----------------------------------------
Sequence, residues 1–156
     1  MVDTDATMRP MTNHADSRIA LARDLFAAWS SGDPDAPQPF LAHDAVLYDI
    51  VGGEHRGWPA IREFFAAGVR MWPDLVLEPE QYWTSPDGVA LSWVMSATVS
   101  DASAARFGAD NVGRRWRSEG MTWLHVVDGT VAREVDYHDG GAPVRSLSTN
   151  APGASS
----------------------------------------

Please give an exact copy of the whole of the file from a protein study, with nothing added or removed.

Sequence, residues 1–156
     1  MVDTDATMRP MTNHADSRIA LARDLFAAWS SGDPDAPQPF LAHDAVLYDI
    51  VGGEHRGWPA IREFFAAGVR MWPDLVLEPE QYWTSPDGVA LSWVMSATVS
   101  DASAARFGAD NVGRRWRSEG MTWLHVVDGT VAREVDYHDG GAPVRSLSTN
   151  APGASS